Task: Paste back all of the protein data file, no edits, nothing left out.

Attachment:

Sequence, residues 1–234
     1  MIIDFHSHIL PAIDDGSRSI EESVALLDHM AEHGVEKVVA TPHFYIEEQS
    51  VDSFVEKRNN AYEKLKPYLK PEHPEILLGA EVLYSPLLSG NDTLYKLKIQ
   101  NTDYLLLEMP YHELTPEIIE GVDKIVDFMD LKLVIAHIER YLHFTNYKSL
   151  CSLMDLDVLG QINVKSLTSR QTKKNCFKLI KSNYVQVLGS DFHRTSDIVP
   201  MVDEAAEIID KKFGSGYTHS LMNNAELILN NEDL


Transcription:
Sequence, residues 1–234
     1  MIIDFHSHIL PAIDDGSRSI EESVALLDHM AEHGVEKVVA TPHFYIEEQS
    51  VDSFVEKRNN AYEKLKPYLK PEHPEILLGA EVLYSPLLSG NDTLYKLKIQ
   101  NTDYLLLEMP YHELTPEIIE GVDKIVDFMD LKLVIAHIER YLHFTNYKSL
   151  CSLMDLDVLG QINVKSLTSR QTKKNCFKLI KSNYVQVLGS DFHRTSDIVP
   201  MVDEAAEIID KKFGSGYTHS LMNNAELILN NEDL